A cityscape of Manchester at night.

Further North: North England vs. North Rhine-Westphalia.

Tom Forth, .

Nine months ago I wrote a piece comparing the economy, the cities, and the people of North England and The Netherlands. I also compared their core urban regions showing that the two had almost identical population and density.

I suggested that North England had a clear role model to emulate and that doing so would lead to rapid economic growth, greater prosperity, and better lives for our people.

There was lots of positive feedback, quite a lot of negative feedback, and some unexpected bullying.

Probably the most frequent bit of negative feedback was that the Netherlands wasn't a fair comparison. It contains a national capital, its history is importantly less industrial, its geography is much better suited for prosperity, its people are culturally more driven to succeed, and much more. Thankfully there were no responses quite as blunt as published suggestions that North England is poor because we have worse genes and lower IQs.

The Ruhr.

I remain unconvinced by most of those pushbacks, but I couldn't convince most detractors. So I decided to pick another place like North England to compare it to.

My mind was drawn to the Ruhr following Simon Cooke's 2019 piece for Unherd, "let’s turn off the Northern Powerhouse". In that piece he urges us to abandon our ambitions for things like a fast train line, a tram system, and a TV channel and look to the Ruhr, not London, for inspiration. In the Ruhr he argued we might find a less urban vision of a prosperous future, more suited to our history, density, and situation.

I know very little about the Ruhr and its region, North Rhine-Westphalia. I've watched Dambusters, I once flew back from a friend's wedding in Greece via Düsseldorf, I know that Dortmund is the twin city of Leeds and home to an enormous football stadium. And that's about it.

In the absence of experience I looked for data.

The first thing I did was to improve my population around a point tool to count bus stops, tram stops, and metro/train stops in addition to people. It's not perfect, but it's pretty good. So I compared Leeds and Dortmund.

A similar number of people live within 10km of Leeds as Dortmund. Dortmund has far better public transport.

This has given some interesting results. North England has a lot of bus stops. I've written before about how Britain has too many buses so perhaps that's not a surprise. Also not a surprise is that Leeds has no tram stops, compared to 204 in Dortmund spread over 8 lines (stops are counted in each direction and some S-bahn stops are miscounted as tram stops before you explain that that's wrong).

But I didn't want to just compare Leeds and Dortmund, I wanted to compare North England with the Ruhr and its region, North Rhine-Westphalia.

North Rhine-Westphalia.

So I got together the data and some maps to make sense of it. The map below shows how similar in size and population the three regions and their three core urban regions are. The data shows that the economies are far less similar.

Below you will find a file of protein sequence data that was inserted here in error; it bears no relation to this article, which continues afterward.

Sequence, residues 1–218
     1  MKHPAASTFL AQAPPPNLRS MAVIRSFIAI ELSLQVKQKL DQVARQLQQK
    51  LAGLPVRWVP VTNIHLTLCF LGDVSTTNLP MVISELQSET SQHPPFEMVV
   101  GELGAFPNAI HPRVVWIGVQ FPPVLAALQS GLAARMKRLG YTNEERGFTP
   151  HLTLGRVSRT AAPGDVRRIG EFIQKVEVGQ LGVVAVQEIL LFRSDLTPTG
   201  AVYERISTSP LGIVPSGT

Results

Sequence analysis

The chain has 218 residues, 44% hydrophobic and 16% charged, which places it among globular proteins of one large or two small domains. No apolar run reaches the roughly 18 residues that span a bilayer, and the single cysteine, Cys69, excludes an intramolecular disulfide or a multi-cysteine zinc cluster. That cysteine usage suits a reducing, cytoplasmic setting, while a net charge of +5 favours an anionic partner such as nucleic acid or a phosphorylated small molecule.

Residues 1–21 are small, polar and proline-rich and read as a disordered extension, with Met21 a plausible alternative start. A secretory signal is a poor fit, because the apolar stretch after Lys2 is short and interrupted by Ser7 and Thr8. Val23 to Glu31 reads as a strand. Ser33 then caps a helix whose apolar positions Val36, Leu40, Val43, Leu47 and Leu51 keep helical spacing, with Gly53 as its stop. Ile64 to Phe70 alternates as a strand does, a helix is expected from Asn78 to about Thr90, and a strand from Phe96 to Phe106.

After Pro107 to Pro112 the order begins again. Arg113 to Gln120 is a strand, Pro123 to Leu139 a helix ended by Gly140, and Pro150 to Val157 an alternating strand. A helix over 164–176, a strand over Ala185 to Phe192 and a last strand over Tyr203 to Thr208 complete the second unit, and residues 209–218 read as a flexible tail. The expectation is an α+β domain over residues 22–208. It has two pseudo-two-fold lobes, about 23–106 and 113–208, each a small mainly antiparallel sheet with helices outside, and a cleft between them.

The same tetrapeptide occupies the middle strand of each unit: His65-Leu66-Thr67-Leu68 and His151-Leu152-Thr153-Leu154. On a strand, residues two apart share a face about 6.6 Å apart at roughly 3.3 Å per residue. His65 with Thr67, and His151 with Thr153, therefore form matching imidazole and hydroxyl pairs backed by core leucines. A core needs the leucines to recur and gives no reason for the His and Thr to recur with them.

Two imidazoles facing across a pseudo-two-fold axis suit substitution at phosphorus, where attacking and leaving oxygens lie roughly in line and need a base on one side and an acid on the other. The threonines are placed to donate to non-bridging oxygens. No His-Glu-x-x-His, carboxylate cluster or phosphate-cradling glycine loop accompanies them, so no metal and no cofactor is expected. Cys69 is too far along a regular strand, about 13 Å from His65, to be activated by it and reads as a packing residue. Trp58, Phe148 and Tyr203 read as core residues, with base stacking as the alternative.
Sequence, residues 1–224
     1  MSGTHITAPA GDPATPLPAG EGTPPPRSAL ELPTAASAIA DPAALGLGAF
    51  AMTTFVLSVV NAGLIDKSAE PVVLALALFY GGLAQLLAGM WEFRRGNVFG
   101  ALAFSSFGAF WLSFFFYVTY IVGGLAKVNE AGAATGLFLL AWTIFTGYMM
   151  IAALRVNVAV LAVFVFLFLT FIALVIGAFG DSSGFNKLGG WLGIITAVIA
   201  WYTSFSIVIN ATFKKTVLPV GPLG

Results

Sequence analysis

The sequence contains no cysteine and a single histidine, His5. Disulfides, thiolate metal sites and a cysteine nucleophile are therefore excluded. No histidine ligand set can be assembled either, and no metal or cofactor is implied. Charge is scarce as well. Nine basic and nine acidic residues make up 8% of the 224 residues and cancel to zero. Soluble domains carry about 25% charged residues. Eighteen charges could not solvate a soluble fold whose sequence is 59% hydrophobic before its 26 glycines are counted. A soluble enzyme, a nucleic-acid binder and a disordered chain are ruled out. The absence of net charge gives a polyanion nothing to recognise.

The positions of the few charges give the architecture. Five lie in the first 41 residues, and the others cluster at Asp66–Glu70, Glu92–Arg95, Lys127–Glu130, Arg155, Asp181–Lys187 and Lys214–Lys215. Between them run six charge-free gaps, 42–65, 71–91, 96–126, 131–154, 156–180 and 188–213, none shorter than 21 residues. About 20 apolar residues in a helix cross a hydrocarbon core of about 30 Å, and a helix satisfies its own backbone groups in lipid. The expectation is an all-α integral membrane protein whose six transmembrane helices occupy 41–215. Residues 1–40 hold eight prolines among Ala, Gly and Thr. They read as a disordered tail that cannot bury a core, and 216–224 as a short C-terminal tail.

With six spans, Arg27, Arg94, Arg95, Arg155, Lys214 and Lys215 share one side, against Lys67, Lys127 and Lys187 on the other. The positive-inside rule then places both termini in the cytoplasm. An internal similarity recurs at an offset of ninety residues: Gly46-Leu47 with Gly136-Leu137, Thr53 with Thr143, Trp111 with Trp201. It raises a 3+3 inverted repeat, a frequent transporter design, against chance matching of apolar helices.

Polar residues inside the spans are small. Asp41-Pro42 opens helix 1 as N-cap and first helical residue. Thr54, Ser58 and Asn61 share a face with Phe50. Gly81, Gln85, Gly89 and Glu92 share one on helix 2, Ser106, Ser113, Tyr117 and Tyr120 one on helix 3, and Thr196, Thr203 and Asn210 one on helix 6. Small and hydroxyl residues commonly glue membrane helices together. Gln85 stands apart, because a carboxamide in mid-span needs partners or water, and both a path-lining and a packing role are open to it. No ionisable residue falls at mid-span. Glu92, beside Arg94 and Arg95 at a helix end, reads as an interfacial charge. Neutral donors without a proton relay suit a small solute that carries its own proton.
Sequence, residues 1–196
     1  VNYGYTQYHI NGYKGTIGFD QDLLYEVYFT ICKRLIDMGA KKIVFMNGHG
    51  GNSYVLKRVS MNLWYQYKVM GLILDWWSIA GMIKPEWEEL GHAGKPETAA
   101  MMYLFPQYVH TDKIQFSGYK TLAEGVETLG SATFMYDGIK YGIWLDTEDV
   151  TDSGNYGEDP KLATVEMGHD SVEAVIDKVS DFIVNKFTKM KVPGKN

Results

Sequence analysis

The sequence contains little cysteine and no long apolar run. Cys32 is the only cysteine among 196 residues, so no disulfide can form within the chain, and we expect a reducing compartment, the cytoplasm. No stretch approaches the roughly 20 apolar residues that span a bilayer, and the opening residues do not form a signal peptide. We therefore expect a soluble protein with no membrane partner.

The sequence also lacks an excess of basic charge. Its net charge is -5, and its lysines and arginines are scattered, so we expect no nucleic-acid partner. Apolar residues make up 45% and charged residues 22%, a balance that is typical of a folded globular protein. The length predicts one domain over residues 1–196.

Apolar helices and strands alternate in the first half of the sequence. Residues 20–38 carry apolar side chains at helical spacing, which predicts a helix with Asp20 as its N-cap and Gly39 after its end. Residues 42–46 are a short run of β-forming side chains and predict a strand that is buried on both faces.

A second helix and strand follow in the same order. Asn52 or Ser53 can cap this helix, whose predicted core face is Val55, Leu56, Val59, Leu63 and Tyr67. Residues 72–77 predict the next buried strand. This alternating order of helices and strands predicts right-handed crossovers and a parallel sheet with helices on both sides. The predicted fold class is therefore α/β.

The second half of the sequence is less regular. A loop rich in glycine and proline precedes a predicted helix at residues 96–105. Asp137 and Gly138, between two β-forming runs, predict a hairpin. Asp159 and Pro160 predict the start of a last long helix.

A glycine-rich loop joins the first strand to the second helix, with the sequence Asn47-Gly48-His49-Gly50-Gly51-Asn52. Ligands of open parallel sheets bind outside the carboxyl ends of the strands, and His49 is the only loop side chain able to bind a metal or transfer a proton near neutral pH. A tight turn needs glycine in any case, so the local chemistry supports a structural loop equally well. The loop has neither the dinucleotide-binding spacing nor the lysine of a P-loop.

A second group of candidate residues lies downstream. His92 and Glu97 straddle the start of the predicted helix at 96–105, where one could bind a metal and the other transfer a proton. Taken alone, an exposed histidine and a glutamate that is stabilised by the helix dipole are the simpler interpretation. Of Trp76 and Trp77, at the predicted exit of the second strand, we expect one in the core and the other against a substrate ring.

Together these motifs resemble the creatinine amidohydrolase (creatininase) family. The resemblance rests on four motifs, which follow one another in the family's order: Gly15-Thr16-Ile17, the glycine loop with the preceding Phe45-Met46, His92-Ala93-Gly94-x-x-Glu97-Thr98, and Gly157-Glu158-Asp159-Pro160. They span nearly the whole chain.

Both North Rhine-Westphalia and its core urban area the Ruhr-Rhine have very similar sizes and populations to their British equivalent, North England and the Northern Powerhouse and to their Dutch equivalents, the Netherlands and the Randstadt.

Or if you'd prefer a table, I made one of those too.

So what?

North England and North Rhine-Westphalia have many similarities, possibly even more than the Netherlands and North England. Both are quite high density regions with a high density urban core of about 8 million people and a history of heavy industry. But their current economic situation is very different.

Both GDP per person and household incomes in North Rhine-Westphalia are about 30% higher than in North England, a similar gap to what we see between the Netherlands and North England. Could North England achieve the same by abandoning plans for the fast train line, a tram system, and a TV channel as suggested by Cooke? Perhaps. But that doesn't seem to be how the Germans did it.

Cologne, in North Rhine-Westphalia is home to RTL, one of Germany's major television channels. To reach it from Dortmund at the East of the Ruhr agglomeration, you can take a fast electric train. Or if you would prefer to reach it via the West of the Ruhr agglomeration you can take a fast electric train from Duisburg. The journey between all three cities is covered by a dense network of suburban rail and tramways, regulated and managed by a single regional public body of the agglomeration, the Verkehrsverbund Rhein-Ruhr.

Far from a reason to cut back on transport investment and hopes of attracting TV channels, the Ruhr's success further convinces me that this is exactly the approach that North England should be taking. Not to become like London, I have no interest in that, but to become more like the Rhine-Ruhr and more like the Netherlands while remaining itself.

What the North is missing is the transport infrastructure in its urban core to operate as an agglomeration. North England would need three times as many tram stops to rival the Netherlands by that measure, and six times as many to rival the Rhine-Ruhr agglomeration.

The data suggests that North England also lacks the level of state investment in research and development that would attract and retain skilled people and help generate the new ideas and new businesses that create economic growth.

Or maybe I've got it all wrong. I'm sure that a lot of you will tell me that. And unlike in my piece about the Netherlands, I'm unlikely to have a good idea about whether you're right or wrong. Because I've never been to Dortmund, or Cologne, or Duisburg, or anywhere in between. Maybe one day I will. I'll take a tram. We don't have any in Leeds.


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